This section is missing information about the 1980s–2000s. Please expand the section to include this information. Further details may exist on the talk page. (October 2017)
Throughout its development, pop music has absorbed influences from
other genres of popular music. Early pop music drew on the sentimental
ballad for its form, gained its use of vocal harmonies from gospel and
soul music, instrumentation from jazz and rock music, orchestration
from classical music, tempo from dance music, backing from electronic
music, rhythmic elements from hip-hop music, and spoken passages from
In the 1960s, the majority of mainstream pop music fell in two
categories: guitar, drum and bass groups or singers backed by a
traditional orchestra. Since early in the decade, it was common
for pop producers, songwriters, and engineers to freely experiment
with musical form, orchestration, unnatural reverb, and other sound
effects. Some of the best known examples are Phil Spector's Wall of
Sound and Joe Meek's use of homemade electronic sound effects for acts
like the Tornados. At the same time, pop music on radio and in
both American and British film moved away from refined Tin Pan Alley
to more eccentric songwriting and incorporated reverb-drenched rock
guitar, symphonic strings, and horns played by groups of properly
arranged and rehearsed studio musicians.
During the mid-1960s, pop music made repeated forays into new sounds,
styles, and techniques that inspired public discourse among its
listeners. The word "progressive" was frequently used, and it was
thought that every song and single was to be a "progression" from the
last. Music critic
Left, Michael Jackson; right, Madonna known respectively as the "King and Queen of Pop".
In the 1940s improved microphone design allowed a more intimate
singing style and ten or twenty years later, inexpensive and more
durable 45 r.p.m. records for singles "revolutionized the manner in
which pop has been disseminated". This helped to move pop music to 'a
record/radio/film star system'. Another technological change was
the widespread availability of television in the 1950s; with televised
performances, "pop stars had to have a visual presence". In the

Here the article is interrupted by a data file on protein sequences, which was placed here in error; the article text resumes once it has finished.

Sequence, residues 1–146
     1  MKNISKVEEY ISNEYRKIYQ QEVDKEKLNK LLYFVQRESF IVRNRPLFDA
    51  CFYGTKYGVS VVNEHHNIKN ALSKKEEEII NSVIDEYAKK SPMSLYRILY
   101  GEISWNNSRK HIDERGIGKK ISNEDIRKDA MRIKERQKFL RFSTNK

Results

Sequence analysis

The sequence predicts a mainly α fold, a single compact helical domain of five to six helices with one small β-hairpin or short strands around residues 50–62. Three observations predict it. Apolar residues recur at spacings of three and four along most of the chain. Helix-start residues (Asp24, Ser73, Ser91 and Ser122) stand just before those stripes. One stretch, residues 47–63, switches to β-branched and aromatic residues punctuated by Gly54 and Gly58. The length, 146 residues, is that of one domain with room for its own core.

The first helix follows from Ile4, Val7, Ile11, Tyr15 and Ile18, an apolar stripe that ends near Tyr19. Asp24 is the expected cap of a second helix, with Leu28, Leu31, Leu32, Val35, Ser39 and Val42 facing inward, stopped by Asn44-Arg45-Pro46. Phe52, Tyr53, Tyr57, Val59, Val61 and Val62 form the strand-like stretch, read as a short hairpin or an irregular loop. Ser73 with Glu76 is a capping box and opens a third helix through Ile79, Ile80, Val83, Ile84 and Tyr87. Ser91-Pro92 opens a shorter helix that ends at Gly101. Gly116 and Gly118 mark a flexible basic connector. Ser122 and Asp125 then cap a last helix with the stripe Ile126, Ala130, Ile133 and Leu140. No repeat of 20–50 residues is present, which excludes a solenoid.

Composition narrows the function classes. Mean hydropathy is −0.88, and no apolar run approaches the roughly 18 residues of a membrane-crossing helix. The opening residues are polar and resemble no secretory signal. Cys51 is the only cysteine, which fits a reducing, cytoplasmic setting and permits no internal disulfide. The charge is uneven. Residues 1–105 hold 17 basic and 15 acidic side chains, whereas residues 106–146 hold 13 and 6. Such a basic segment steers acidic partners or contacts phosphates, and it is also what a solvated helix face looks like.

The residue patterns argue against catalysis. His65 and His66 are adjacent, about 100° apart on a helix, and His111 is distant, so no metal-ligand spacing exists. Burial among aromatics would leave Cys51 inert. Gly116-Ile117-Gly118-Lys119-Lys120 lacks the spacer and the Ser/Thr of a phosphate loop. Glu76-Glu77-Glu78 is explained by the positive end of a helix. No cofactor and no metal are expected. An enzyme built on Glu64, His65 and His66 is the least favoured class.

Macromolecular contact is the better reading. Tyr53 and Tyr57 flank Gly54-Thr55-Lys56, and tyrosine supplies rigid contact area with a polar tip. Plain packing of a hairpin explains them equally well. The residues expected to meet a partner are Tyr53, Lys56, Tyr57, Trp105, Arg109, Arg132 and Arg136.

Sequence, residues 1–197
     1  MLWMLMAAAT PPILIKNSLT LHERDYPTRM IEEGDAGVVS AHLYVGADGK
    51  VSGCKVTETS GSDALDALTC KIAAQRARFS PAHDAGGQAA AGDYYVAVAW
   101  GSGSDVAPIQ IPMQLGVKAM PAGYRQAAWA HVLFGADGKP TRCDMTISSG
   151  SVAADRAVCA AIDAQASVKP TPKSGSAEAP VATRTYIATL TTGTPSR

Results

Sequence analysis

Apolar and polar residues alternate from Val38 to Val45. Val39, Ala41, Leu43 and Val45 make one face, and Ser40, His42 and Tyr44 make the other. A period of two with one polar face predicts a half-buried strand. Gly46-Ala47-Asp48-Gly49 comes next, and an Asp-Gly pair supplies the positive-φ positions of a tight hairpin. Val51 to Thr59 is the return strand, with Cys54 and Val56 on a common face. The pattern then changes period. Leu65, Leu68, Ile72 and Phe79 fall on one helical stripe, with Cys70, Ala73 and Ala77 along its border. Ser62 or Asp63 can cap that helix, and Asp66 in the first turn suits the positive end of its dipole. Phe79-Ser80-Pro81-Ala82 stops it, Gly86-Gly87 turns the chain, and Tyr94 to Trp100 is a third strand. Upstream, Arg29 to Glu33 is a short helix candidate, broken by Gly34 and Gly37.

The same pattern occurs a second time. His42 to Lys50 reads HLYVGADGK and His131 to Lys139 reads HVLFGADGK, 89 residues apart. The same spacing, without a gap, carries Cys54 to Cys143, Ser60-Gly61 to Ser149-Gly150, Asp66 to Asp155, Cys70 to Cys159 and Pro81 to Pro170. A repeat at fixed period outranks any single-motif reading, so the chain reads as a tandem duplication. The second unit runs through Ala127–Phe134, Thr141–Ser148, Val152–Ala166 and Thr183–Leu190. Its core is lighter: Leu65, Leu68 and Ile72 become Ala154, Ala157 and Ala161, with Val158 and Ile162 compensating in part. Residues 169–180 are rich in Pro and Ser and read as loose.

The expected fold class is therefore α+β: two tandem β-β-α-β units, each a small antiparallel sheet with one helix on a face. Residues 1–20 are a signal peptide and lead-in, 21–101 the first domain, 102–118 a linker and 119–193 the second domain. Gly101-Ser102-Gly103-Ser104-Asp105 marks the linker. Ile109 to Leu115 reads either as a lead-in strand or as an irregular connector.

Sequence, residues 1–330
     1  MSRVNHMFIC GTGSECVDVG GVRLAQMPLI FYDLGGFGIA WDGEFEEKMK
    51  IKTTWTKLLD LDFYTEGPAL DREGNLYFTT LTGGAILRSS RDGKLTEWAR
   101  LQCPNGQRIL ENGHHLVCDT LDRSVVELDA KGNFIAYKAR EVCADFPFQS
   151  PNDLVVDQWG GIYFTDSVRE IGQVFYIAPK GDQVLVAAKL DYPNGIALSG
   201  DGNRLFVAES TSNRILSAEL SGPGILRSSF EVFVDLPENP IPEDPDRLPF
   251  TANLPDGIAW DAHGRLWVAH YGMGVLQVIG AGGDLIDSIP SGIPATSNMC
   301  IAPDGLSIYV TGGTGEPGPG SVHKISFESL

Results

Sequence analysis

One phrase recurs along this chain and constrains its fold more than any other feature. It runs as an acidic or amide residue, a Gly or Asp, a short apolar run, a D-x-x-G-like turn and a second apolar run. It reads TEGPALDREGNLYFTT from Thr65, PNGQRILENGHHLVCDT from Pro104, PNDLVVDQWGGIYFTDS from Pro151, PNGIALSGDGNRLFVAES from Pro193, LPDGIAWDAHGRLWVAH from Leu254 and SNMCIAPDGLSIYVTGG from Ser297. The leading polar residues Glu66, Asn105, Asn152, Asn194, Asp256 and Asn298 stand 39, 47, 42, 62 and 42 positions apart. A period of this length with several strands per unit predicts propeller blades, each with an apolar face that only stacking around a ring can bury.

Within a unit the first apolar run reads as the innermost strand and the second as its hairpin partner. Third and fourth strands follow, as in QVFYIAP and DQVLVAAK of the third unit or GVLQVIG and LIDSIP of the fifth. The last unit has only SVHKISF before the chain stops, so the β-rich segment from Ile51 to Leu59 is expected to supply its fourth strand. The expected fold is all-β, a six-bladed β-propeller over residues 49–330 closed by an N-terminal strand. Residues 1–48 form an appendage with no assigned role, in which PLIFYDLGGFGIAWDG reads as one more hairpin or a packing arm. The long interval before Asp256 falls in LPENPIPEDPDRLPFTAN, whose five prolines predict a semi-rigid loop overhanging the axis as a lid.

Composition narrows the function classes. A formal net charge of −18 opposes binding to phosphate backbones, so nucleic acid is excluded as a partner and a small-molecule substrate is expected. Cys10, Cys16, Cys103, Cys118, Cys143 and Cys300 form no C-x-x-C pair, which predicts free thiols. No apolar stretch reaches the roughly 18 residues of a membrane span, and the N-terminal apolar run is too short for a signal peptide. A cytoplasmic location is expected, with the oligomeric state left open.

1960s, the introduction of inexpensive, portable transistor radios
meant that First World teenagers could listen to music outside of the
— Bob Stanley
^ Traditional Pop, Allmusic.com. Retrieved 25 August 2016
^ a b c R. Middleton, et al., "Pop", Grove music online, retrieved 14
March 2010. (subscription required)
^ a b Gilliland, John (1969). "Show 1 - Play A Simple Melody: Pete
Seeger on the origins of pop music" (audio). Pop Chronicles.
University of North Texas Libraries.
^ a b c d e f g S. Frith, W. Straw, and J. Street, eds, The Cambridge
Companion to Pop and Rock (Cambridge: Cambridge University Press),
ISBN 0-521-55660-0, pp. 95–105.
^ D. Hatch and S. Millward, From
This "further reading" section may contain inappropriate and/or excessive suggestions. Please ensure that only a reasonable number of balanced, topical, reliable, and notable further reading suggestions are given. Consider utilising appropriate texts as inline sources or creating a separate bibliography article. (December 2016)
Adorno, Theodor W., (1942) "On Popular Music", Institute of Social
Bell, John L., (2000) The Singing Thing: A Case for Congregational
Song, GIA Publications, ISBN 1-57999-100-9
Bindas, Kenneth J., (1992) America's Musical Pulse: Popular Music in
Twentieth-Century Society, Praeger.
Clarke, Donald, (1995) The Rise and Fall of Popular Music, St Martin's
Dolfsma, Wilfred, (1999) Valuing Pop Music: Institutions, Values and
Dolfsma, Wilfred, (2004) Institutional Economics and the Formation of
Preferences: The Advent of Pop Music, Edward Elgar Publishing.
Frith, Simon, Straw, Will, Street, John, eds, (2001), The Cambridge
Companion to Pop and Rock, Cambridge University Press,
Frith, Simon (2004) Popular Music: Critical Concepts in Media and
Cultural Studies, Routledge.
Gillett, Charlie, (1970) The Sound of the City. The Rise of Rock and
Roll, Outerbridge & Dienstfrey.
Hatch, David and Stephen Millward, (1987), From
Wikiquote has quotations related to: Pop music
Wikimedia Commons has media related to Pop music.
The Consumption of Music and the Expression of Values: A Social Economic Explanation for the Advent of Pop Music, Wilfred Dolfsma, American Journal of Economics and Sociology, October 1999.